We’ve got some fun coming up now – we’re about to get into God’s will, which includes discussions of whether or not God wills evil, or whether or not God wills people to go to hell. Predestination, kiddies, it’s coming. As an entrée, we’ll look at God’s knowledge. Does God know evil? If He does, then evil has its roots in God – “for God’s knowledge stands to all created things as the artist’s to his products,” according to Aquinas (1a.14.8). If He doesn’t, then… God doesn’t know everything? This is one of the things I love about Aquinas – he sets up a framework of how something works, and then goes ‘Right, how can I break this?’
So we’re looking at 1a.14.10, where Aquinas asks whether God knows evil. He’s got a couple arguments that we’re not really going to touch on, because they draw on stuff we haven’t talked about, and I like to be relatively self-contained here. So for example he argues that “all knowledge is either the cause of what is known or caused by it” – so that’s a reference back to 14.8, quoted above, where Aquinas argues that God’s knowledge is actually the cause of things. He draws a little bit on Augustine in that article, who says that things exist because God knows them. That’s sort of the foundation for the pickle he’s getting into now – if that argument holds, is God’s knowledge the cause of evil?
We’ve talked previously about how Augustine sees evil as a lack of goodness – so that it’s not a quote-unquote thing, but it’s a lack of something. So we can use the metaphor of light and darkness – light is a thing, a wave/particle, and darkness is what happens when that thing isn’t present. Aquinas sort of runs the same line – I thought we’d talked about that before too, but flicking back through what I’ve published on Aquinas, apparently not. Ah well – anyway, Aquinas runs the same line as Augustine on the whole sin-as-lack thing. This actually ends up forming one prong of his argument for God not knowing evil – if God’s perfect, then He doesn’t have any sin in Him, right? He lacks nothing, He’s got every good quality within Himself. But Aquinas has already previously argued that “in God, to be and to know are the same”, which… ugh. Okay, we’re gonna have to deal with this briefly.
So Aquinas firstly argues that God knows Himself (14.1-3), which seems like a sort of ‘duh’ argument, but there you go. He then argues that in God, the act of being and the act of knowledge are the same (14.4). I don’t really understand it, but you can go read it for yourself. Aquinas proceeds to suggest that God can’t know anything aside from Himself, because if He does, then He’s sort of completed or made more perfect by that knowledge (14.5). The idea is that knowledge and understanding make you quote-unquote ‘more perfect’, and if God is receiving new knowledge from things outside of Himself, then He’s being made more perfect, which should be impossible because God’s already perfect. So He can’t know anything outside of Himself.
So then how does He know us? The answer is that He knows us through Himself. To the extent that we are perfect, the argument goes, we are likenesses of God – which is fair enough. Every good thing that we have or are is already in God, so it makes sense that He knows us as sort of instances of qualities He already has in Himself. There’s some other arguments along the way – does God know each of us specifically as individuals, or does He just know us in a general sort of sense (14.6)? If He knows things through Himself, can He know hypothetical or non-existent things? How can we say that non-existent things have any sort of ‘existence’ in God (14.9)? That one’s pretty fun: “God’s knowledge is the cause of the things He knows. But it is not the cause of non-existent things, since they have no cause [because they don’t exist, right]. Therefore God has no knowledge of non-existent things.”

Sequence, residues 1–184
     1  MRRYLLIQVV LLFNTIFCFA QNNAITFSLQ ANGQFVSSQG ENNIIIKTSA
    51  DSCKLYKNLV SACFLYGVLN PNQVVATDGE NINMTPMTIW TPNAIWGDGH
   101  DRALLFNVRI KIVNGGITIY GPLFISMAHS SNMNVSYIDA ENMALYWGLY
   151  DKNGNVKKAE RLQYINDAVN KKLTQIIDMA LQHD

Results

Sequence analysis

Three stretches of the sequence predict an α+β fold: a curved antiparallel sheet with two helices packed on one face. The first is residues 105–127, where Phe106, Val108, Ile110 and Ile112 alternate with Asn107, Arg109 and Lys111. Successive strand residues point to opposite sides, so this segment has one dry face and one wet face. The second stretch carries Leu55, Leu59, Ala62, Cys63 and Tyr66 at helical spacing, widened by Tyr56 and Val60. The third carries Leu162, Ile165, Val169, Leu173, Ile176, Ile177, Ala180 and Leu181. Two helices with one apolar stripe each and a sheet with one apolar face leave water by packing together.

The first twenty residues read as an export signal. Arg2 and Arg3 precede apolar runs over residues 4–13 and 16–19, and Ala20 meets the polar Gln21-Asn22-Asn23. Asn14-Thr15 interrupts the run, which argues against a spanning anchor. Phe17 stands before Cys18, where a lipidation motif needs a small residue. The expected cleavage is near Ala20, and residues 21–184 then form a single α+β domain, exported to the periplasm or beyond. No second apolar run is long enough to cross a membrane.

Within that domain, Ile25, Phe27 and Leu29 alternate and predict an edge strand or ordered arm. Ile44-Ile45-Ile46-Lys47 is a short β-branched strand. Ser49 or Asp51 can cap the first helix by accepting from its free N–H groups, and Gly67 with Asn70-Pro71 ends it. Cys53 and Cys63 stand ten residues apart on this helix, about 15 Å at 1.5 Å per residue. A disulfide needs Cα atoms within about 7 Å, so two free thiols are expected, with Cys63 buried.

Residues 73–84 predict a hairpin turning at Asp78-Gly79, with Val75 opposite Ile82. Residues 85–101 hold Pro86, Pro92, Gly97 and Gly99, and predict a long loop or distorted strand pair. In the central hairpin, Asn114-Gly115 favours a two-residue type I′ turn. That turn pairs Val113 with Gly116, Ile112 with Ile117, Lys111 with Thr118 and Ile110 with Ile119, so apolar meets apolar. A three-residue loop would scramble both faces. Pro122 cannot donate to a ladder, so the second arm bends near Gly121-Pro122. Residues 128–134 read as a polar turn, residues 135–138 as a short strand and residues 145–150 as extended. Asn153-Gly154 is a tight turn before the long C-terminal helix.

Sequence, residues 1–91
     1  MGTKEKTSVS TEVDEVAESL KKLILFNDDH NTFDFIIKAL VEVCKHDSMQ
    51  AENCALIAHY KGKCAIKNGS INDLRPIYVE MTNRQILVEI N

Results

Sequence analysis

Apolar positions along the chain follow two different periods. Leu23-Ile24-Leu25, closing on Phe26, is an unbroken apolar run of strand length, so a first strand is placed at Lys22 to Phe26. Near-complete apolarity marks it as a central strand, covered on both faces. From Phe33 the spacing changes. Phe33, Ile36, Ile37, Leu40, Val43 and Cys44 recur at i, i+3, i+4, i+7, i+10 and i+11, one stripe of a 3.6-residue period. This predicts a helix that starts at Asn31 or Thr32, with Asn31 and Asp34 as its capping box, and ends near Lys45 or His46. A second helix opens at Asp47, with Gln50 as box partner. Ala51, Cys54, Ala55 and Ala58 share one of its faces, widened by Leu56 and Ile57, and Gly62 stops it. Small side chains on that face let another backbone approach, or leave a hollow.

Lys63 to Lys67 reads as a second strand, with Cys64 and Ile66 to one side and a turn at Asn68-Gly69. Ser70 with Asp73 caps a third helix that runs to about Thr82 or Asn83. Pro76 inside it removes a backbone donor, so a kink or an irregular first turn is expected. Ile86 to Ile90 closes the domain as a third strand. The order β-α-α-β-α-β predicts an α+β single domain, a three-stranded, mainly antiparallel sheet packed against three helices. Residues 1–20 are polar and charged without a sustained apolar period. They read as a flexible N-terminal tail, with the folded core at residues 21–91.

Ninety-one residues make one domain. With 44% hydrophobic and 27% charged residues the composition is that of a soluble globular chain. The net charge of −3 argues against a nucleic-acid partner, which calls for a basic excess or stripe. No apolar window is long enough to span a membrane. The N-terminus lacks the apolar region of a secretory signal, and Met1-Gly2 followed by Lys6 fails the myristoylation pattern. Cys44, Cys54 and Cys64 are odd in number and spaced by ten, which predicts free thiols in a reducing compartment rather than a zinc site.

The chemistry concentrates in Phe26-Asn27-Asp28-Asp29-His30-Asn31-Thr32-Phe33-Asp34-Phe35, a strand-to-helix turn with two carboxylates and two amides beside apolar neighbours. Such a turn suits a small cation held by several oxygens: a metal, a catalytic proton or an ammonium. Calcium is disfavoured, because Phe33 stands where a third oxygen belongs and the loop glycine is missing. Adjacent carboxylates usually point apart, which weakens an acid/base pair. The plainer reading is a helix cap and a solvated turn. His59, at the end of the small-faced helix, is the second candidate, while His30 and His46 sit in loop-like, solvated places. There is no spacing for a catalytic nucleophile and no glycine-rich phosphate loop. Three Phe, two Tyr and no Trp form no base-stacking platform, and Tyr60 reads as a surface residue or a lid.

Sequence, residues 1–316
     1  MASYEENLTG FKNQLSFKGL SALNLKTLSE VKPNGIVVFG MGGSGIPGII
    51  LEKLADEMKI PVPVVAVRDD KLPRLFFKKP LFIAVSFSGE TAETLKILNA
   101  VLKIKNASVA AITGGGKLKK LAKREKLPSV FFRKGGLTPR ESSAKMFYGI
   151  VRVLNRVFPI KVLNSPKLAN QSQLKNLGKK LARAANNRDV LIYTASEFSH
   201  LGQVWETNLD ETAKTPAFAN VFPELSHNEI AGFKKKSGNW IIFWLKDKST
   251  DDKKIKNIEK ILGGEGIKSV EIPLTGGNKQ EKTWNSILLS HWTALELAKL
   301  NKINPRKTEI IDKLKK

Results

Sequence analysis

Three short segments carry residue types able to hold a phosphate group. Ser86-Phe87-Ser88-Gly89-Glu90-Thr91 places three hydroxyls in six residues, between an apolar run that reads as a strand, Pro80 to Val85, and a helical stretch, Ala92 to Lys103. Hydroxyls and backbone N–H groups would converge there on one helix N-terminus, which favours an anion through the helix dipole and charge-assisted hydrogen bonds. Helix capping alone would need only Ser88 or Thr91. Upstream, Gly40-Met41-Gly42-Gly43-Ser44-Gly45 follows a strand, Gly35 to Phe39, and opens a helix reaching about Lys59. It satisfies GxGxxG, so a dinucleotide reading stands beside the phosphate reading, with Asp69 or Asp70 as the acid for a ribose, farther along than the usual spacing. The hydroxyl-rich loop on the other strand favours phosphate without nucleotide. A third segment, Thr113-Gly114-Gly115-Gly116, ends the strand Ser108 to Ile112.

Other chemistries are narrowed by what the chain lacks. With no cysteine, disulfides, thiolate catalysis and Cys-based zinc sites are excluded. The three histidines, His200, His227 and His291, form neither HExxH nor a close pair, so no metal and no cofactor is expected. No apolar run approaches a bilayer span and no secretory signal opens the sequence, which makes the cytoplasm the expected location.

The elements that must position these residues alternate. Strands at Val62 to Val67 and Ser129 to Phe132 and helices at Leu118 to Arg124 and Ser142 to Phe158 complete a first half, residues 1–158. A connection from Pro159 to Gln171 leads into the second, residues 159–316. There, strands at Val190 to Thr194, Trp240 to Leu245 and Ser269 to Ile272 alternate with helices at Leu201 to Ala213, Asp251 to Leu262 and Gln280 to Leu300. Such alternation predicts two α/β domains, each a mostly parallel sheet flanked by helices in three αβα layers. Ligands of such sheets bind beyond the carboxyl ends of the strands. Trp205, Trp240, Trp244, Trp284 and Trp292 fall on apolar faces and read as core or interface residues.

So part of this whole ‘God knowing us through Himself’ thing is the idea that in God knowledge and being are the same. But God doesn’t have any privation in Himself, because He’s perfect. So if He knows everything through its likeness to Himself, how can He know sin, which has no sort of primary existence within Him? This is the same sort of argument as in 14.9: if 14.9 asks ‘How can things that don’t exist be said to exist in God?’, 14.10 asks ‘How can things that don’t exist in God (sin) be said to exist in God?’. Remember: according to Aquinas, existence and knowledge are the same in God. God only knows things through Himself – so if sin doesn’t exist in God (which it doesn’t), He can’t know it.
The response, then, is that God sort of knows evil through good. He doesn’t know evil directly, per se, but He knows what good looks like when there’s different amounts of it. So He knows what perfect goodness looks like, and He knows what perfect goodness looks like when you take bits away from it. He doesn’t know evil directly, but when you think about it you can’t really know evil directly, because evil’s not actually a thing: “evil is not knowable through itself, because evil of its very nature is the privation of good. And thus it cannot be defined or known except through good.” We can jump back to our light metaphor – it doesn’t make sense to measure darkness in terms of how many dark particles are there. Dark’s not a thing – light is a thing, and we can talk about there being differing amounts of light, but dark’s not actually a thing. It’s just a lack. So no, evil isn’t in God, but yes, God sort of knows evil indirectly – or rather, He knows what it looks like when good is only there to a certain degree. Which really is all evil is anyway.